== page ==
Europol experts extracted four terabytes of data from devices seized in connection with Daphne Caruana Galizia murder suspect Yorgen Fenech, a court heard on Monday. 

Experts from the EU law enforcement agency have spent months extracting and analysing data from the devices as part of what was dubbed 'Operation Blue Elephant'. 

Fenech stands accused of complicity in the journalist's murder and is pleading not guilty.

On Monday, the court heard testimony of three data extraction experts at Europol. The court heard that: 

  • Europol experts were handed electronic ‘exhibits’ (from devices such as phones to SIM cards) seized from Fenech’s office, home and boat. 

  • Around 4 terabytes of data was extracted in total and Europol experts prepared three separate copies of the data to present to Maltese courts.

  • A team of three men spent between November 20 and November 23, 2019 in Malta, working to extract data from the exhibits. They operated from a private office at Floriana police headquarters, using equipment they brought with them from overseas, and had the only key to the room.

  • Two iPhones and two SIM cards needed additional work to extract data from and experts took these to The Hague with them. Devices which experts extracted data from while in Malta were not taken.

  • Police seized 21 exhibits – all SIM cards – from Yorgen Fenech’s boat, Gio.

  • Police found a Wifi security camera disguised as an air freshener in Fenech’s home, but there was no micro SD card in the camera, which therefore contained no data. 

  • A separate Europol team was tasked with analysing the extracted data. 

Fenech's defence team insisted with the court that their copy of the data had to be made from Europol's original image, and could not be a copy of a copy. 

As all sides argued about that request, the magistrate ruled that she would keep hold of all the data until copies were available for all parties. 

The case continues on Wednesday, December 2 at 10am, when Fenech's defence team will continue to cross-examine witnesses. 

As it happened

Case deferred to Wednesday

5.55pm The court calls it a day and defers the case to Wednesday at 10am, when the defence will continue cross-examining witnesses.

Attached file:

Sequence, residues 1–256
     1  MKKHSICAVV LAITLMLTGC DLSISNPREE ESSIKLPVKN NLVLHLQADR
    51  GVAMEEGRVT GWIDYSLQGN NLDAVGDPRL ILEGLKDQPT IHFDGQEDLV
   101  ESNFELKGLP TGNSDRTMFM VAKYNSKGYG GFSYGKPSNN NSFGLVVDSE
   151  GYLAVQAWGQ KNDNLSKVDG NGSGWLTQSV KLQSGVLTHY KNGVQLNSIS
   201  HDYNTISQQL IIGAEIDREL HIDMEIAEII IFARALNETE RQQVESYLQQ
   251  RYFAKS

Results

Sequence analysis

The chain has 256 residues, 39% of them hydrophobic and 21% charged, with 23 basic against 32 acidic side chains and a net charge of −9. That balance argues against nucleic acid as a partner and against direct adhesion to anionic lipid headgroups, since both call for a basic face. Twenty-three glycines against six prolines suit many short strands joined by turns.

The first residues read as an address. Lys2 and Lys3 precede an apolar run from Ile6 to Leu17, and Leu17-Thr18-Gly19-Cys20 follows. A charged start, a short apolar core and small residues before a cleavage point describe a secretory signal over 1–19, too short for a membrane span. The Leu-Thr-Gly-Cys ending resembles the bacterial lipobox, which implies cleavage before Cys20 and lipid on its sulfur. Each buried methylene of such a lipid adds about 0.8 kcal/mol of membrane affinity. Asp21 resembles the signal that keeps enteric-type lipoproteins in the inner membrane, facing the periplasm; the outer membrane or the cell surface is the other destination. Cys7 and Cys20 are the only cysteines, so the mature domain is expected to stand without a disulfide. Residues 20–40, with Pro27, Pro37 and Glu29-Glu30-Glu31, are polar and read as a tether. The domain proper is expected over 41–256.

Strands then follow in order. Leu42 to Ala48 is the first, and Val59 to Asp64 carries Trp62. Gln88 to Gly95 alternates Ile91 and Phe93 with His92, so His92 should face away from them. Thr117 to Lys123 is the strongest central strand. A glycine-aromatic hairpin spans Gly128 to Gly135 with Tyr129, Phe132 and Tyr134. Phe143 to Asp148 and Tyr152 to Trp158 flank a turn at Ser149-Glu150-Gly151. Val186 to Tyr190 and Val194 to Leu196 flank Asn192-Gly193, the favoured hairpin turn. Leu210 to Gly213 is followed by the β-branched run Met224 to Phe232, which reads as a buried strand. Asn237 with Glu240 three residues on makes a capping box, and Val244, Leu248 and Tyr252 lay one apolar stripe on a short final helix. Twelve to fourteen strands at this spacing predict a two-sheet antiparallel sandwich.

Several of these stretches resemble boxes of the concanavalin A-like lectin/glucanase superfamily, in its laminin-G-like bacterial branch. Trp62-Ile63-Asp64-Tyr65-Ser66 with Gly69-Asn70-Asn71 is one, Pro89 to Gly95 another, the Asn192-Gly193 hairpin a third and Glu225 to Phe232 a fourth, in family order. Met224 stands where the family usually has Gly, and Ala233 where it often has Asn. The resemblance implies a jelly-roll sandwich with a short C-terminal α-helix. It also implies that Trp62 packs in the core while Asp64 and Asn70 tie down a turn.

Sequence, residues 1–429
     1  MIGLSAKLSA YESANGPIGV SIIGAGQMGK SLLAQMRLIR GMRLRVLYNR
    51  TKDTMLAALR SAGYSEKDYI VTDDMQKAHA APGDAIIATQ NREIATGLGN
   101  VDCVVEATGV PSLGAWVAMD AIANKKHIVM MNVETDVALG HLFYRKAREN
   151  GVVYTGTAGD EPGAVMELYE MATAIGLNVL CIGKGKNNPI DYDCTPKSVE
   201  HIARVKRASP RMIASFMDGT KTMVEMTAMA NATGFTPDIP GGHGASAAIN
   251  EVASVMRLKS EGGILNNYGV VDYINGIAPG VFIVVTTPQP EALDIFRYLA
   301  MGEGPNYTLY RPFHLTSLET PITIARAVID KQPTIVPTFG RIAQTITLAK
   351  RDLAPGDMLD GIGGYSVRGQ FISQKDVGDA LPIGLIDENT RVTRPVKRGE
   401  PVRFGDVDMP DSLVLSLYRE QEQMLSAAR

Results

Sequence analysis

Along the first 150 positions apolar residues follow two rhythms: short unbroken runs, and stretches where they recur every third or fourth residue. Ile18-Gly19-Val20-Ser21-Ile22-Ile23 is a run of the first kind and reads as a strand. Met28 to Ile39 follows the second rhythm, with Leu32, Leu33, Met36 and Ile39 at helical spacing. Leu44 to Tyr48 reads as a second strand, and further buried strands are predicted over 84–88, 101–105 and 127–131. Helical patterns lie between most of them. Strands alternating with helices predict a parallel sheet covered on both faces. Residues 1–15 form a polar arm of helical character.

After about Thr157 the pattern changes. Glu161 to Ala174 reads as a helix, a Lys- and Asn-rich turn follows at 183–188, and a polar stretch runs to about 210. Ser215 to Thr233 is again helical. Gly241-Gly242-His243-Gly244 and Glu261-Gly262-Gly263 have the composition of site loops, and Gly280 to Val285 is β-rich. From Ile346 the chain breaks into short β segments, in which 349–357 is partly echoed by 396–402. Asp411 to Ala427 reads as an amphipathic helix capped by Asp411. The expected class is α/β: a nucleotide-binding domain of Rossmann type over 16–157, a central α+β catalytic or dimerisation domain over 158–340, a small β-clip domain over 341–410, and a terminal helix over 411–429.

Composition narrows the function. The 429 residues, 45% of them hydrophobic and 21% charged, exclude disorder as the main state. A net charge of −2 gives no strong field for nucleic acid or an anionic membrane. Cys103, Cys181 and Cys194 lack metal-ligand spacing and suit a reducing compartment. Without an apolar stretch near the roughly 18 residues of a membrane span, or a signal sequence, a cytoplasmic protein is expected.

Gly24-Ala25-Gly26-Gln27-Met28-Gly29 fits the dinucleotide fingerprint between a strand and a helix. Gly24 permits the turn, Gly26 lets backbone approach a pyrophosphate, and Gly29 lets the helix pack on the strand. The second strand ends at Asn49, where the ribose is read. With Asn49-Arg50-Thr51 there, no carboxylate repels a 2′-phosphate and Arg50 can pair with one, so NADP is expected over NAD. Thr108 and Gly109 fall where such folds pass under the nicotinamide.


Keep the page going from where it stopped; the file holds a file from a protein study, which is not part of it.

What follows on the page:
Yorgen Fenech is escorted through a back door and people begin to make their way out of the courtroom. 

Banning publication of irrelevant data

5.50pm Charles Mercieca tells the court that given that the data concerns their client's private life and family, data not related to the charges he faces should be banned from publication.

The magistrate agrees and says that while testimony given in public may be published, the court has imposed a ban on the sharing of the data. Any breach of this order will be deemed as contempt of court and prosecuted as a criminal offence, she says. 

Handing over a third copy 

5.48pm Europol experts, who have been waiting patiently as lawyers and the court discussed the matter in Maltese, are asked to hand over the third copy of the data which they have with them. 

They oblige, and hand it over to the magistrate.

The magistrate will hold on to all the data while the court-appointed expert prepares copies. When those copies are ready, each party will receive its data - with the defence promised one of the original copies.  

Resolution, or not 

5.38pm Magistrate Montebello seems to like this idea: she decrees that one of Europol’s copies is to be given to the defence team. Europol will present magistrate Neville Camilleri’s copy on Wednesday. And IT expert Alvin Cardona will prepare copies for parte civile lawyers. 

 “Your request has been met” the magistrate tells the defence...

... but there's another hitch. 

Jason Azzopardi says the defence should get their copy of the data at the same time that other parties receive one. One party should not receive a copy before another, he argues.  

Arnaud's compromise suggestion

5.34pm Keith Arnaud comes up with another suggestion: one of the two copies presented today can be given to the defence team. The other copy will be given to a local court-appointed expert, to make a copy for the parte civile team.